blockbusters that have lost such protection. And companies with older drugs
boost prices when rivals show up, either to match the price of the newer
drug or to make up for prescriptions lost to the competitor. While generic
drugs pushed by insurers and the government now make up 86 percent of all
medicines used in the U.S., that hasn’t reduced total spending on
prescription drugs. In 2012, Americans spent $263 billion, or 11 percent
more than the $236 billion in 2007, according to government data.
“We have been consistently noticing that as manufacturers near the end of
their product’s life cycle, they are seeking larger price hikes than they
previously did,” says Sharon Frazee, vice president for research at Express
Scripts Holding (ESRX), one of the largest pharmacy benefit managers, which
operate employee drug plans for corporations and insurers.
Increases in prices for existing branded prescription drugs accounted for
$20 billion of the industry’s 2013 sales growth before discounts and
rebates. That largely offset $19.3 billion in revenue declines because of
patent expirations, according to the IMS Institute for Healthcare
Drug spending growth is “in line” with other medical spending, says Lori
Reilly, executive vice president for policy at Pharmaceutical Research and
Manufacturers of America, or PhRMA, an industry association. When generic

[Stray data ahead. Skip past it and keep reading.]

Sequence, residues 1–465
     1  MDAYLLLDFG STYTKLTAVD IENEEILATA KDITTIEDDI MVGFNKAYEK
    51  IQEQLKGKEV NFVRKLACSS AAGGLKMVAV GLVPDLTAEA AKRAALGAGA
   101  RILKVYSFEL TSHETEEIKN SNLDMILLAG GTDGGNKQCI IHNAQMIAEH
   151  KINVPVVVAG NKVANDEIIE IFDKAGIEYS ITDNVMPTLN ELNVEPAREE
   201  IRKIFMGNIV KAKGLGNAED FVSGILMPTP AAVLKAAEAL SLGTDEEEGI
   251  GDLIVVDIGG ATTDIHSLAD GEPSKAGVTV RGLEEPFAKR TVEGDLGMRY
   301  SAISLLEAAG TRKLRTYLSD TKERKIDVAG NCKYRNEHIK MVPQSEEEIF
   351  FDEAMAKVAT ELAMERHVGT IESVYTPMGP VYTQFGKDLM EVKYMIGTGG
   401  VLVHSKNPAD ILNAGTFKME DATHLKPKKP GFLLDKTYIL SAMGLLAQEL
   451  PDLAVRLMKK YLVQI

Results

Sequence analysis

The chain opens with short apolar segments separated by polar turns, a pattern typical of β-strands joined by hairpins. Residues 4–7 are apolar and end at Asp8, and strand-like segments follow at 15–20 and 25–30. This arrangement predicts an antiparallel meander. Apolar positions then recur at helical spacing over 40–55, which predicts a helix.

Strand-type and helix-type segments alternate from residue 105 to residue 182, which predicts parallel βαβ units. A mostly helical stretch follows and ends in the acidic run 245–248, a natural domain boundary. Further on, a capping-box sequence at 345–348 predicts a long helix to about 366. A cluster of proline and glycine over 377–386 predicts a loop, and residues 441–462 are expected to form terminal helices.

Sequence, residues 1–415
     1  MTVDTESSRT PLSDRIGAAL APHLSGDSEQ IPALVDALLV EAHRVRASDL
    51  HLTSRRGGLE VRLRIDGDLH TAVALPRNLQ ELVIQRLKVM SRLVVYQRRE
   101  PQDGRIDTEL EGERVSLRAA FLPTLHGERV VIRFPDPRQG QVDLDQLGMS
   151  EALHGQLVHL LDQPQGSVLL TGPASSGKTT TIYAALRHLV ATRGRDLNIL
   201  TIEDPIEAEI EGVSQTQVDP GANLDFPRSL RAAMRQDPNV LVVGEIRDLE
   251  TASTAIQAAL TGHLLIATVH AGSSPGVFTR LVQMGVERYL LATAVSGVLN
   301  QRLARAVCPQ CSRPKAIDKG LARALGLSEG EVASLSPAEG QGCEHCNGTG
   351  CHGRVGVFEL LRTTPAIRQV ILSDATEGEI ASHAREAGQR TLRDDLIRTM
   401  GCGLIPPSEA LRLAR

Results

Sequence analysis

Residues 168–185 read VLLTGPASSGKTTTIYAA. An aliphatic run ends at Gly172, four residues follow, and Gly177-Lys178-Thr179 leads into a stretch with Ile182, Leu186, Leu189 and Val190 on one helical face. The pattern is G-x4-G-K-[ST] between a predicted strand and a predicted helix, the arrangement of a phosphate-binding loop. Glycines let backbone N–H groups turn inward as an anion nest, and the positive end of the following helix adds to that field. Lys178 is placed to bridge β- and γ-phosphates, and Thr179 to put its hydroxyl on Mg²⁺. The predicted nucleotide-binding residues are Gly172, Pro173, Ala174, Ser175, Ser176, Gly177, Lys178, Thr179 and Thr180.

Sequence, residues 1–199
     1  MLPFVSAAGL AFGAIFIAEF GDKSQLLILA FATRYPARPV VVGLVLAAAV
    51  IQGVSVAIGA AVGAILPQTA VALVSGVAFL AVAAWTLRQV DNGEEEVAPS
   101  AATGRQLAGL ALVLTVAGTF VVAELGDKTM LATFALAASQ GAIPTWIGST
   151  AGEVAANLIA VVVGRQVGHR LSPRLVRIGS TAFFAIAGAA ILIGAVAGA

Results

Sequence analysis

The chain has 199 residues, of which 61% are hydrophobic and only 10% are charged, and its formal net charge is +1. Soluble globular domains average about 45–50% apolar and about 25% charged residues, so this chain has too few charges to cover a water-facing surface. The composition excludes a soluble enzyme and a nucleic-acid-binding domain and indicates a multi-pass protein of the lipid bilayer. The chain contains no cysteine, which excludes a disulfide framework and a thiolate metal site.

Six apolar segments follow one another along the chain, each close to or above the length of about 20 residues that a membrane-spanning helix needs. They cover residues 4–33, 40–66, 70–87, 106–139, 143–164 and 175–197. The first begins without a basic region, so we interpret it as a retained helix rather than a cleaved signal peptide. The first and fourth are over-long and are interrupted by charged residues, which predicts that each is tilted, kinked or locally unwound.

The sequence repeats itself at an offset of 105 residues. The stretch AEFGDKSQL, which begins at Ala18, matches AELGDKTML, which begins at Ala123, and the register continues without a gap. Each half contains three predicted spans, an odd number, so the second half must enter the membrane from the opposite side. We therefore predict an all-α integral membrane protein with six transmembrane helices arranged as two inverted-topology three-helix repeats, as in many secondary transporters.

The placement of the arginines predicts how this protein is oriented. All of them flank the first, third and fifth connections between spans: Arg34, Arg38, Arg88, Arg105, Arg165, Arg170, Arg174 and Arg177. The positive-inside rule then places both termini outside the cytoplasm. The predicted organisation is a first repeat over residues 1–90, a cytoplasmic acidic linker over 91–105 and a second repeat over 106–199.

and brand-name drugs are put together, drug price increases have been
slower than the growth of other health-care prices, she says. “You have to
look at the significant contribution that many of these medicines make to
improving outcomes” and the fact that revenue from existing brand-name
drugs helps fund new drugs still in testing, she says.
In some cases insurers and pharmacy benefit managers are pushing back by
forcing some medicines onto reimbursement tiers that require patients to
pick up more of their cost. And doctors are for the first time exploring
ways to better educate patients on the gains and costs that can be expected
from the drugs they prescribe. A leading organization of cancer doctors,
the American Society of Clinical Oncology, is working on an algorithm for
rating the cost-effectiveness of expensive oncology drugs and will urge